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Zardari effigy, Pak flag set alight

Zardari effigy, Pak flag set alight

May 08, 2013 - 14:50

KABULinfo-icon (PANinfo-icon): Hundreds of people continued protests across Afghanistaninfo-icon for the sixth straight day on Wednesday against Pakistani attacks on Afghan border posts.

In the heavily-fortified capital, Kabul University students took to the streets, chanting anti-Pakistaninfo-icon slogans and setting President Asif Ali Zardari’s effigy on fire.

While appreciating the courage of Afghan security forces in beating back the aggressors, one protestor, Mohammad Younus, said: “We want to support the Afghan government’s stance on the Duran Line and we will protect our motherland until our last breath.”

Last week, after an Afghan border policeman was killed in a border skirmish in Nangarhar province, President Hamid Karzai announced Afghanistan would never recognise the British-mandated Durand Lineinfo-icon as an international border.

They protestors issued a resolution, saying: “Duran Line has divided Afghans and hence its unacceptability to us…we seek back the part of Afghan soil forcibly separated from our land.”

The rally, which started at 9am, ended peacefully amid tight security measures put in place in Kabul. Deputy police chief, Brig. Gen. Mohammad Amin, said: “Despite lack heavy weapons, we will protect our motherland with our spirit of sacrifice and patriotism. Afghan police and soldiers are ready to lay down their lives for the sake of their country.”

At the same time, students of Dawat University, Khoshal Khan Mena and Rahman Baba High Schools also protested in Qambar and Kart-i-Chahar neighbourhoods of the capital. They denounced Pakistan’s policy toward Afghanistan.   

In central Bamyan province, hundreds of people, including womeninfo-icon, rallied in the provincial capital and set alight President Asif Ali Zardari’s effigy. Chanting “Death to Pakistan”, the protestors marched from a mosqueinfo-icon to Bamyan City.

Former jihadiinfo-icon commander and member of Mujahideeninfo-icon Council, Abdullah Noori, said: “If the president issues a decree, we are willing to guard our borders and protect our motherland.”

Islamabad should know the Afghans, who defeated the much stronger Soviet occupation army, could also vanquish Pakistani troops, remarked a physically-challenged demonstrator, Mohammad Hashim.

In the east, Nangarhar University students kept the busy Kabul-Jalalabad highway closed for three hours in Daronta area, declaring what they called a new round of jihadinfo-icon against Pakistan.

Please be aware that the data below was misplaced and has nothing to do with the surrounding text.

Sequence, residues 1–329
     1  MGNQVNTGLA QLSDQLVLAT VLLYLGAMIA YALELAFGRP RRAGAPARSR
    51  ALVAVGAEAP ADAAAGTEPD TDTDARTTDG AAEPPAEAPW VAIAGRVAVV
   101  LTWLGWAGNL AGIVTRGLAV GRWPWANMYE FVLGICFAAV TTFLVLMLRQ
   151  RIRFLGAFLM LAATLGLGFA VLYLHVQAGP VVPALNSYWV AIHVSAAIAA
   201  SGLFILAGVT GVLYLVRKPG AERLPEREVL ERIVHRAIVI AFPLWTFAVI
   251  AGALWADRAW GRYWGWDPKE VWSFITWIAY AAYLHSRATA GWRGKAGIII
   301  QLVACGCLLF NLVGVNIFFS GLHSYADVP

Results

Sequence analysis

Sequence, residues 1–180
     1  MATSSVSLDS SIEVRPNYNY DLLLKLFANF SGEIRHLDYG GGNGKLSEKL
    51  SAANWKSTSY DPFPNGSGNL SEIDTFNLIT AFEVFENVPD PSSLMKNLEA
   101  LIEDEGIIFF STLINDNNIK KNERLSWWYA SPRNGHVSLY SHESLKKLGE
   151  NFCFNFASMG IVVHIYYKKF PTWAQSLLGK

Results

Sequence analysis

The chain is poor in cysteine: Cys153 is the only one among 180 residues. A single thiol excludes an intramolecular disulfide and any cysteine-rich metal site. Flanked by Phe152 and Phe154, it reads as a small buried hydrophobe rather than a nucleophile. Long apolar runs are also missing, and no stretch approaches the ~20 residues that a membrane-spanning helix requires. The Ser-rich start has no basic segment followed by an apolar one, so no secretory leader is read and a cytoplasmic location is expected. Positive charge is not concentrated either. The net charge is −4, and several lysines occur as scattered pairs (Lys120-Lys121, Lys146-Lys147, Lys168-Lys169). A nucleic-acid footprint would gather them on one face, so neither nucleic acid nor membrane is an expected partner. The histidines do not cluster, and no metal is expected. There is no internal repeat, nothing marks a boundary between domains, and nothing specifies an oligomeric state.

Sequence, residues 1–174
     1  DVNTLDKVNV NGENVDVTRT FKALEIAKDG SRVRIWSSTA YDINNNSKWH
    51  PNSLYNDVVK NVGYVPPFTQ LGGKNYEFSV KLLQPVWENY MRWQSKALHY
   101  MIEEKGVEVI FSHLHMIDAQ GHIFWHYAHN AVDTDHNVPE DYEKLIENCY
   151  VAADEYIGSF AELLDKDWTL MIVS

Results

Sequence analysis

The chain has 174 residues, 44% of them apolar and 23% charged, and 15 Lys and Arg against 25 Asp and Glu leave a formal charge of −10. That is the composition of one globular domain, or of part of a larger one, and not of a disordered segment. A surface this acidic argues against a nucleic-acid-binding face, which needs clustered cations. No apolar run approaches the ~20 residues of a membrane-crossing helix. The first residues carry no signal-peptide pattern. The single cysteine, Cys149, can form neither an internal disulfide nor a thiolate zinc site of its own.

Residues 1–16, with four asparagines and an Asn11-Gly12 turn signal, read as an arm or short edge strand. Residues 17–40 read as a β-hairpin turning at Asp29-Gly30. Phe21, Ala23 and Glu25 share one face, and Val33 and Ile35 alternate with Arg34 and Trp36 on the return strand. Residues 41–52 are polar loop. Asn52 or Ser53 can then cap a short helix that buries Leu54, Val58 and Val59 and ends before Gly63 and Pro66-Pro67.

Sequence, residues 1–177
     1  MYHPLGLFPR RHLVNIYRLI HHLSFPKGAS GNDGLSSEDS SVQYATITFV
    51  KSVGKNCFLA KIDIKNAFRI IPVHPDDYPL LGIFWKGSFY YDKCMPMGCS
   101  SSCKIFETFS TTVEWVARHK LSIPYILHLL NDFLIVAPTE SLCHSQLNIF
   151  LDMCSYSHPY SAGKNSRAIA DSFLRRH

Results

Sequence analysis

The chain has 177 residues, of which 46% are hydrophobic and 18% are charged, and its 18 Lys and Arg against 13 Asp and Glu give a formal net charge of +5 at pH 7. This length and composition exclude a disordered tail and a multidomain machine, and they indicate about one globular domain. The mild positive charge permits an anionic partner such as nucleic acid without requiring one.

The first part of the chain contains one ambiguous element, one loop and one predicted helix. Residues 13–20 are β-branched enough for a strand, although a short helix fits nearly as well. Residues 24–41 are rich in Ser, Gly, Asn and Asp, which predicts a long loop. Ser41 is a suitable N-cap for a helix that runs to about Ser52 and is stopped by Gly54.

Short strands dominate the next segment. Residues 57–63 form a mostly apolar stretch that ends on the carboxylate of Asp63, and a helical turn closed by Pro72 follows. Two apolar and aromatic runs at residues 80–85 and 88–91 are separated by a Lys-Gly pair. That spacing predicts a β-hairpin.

Qari Motmain, one of the participants of the rally, accused the authorities of keeping silent on naked aggression by Pakistani border guards. If the government did not react to the cross-border assaults, they would kick up a storm of protests, he warned.

In neighbouring Laghman province, thousands of tribal elders, religious scholars, youth and civil societyinfo-icon representatives lashed out at the neighbouring country. Sarhadi Zwak, the governor’s spokesman, said angry demonstrations were ongoing across the province.

One demonstrator Haji Timur said the nation stood firmly behind the border guards, warning Pakistan of dire consequence if it did stop interfering in Afghanistan.

Students in western Herat province also denounced Pakistani military incursions and checkpoints in Goshta town.

The situation was intolerable for the Afghans, who were ready to sacrifice their lives for their country’s defence, observed Abdul Matin, a student of the Sharia Faculty at Herat University.

In southern Kandahar province, protestors voiced their concern at the international community’s silence on the ongoing tension between the neighbours. University students torched Pakistan’s flag and assured Afghan forces of solid support.

In case of need, students would quit their institutions and join their security forces in fighting against the aggressors, said their representative, Mohammad Zahir. The Afghans could no longer tolerate Pakistan’s aggressive designs, he added.



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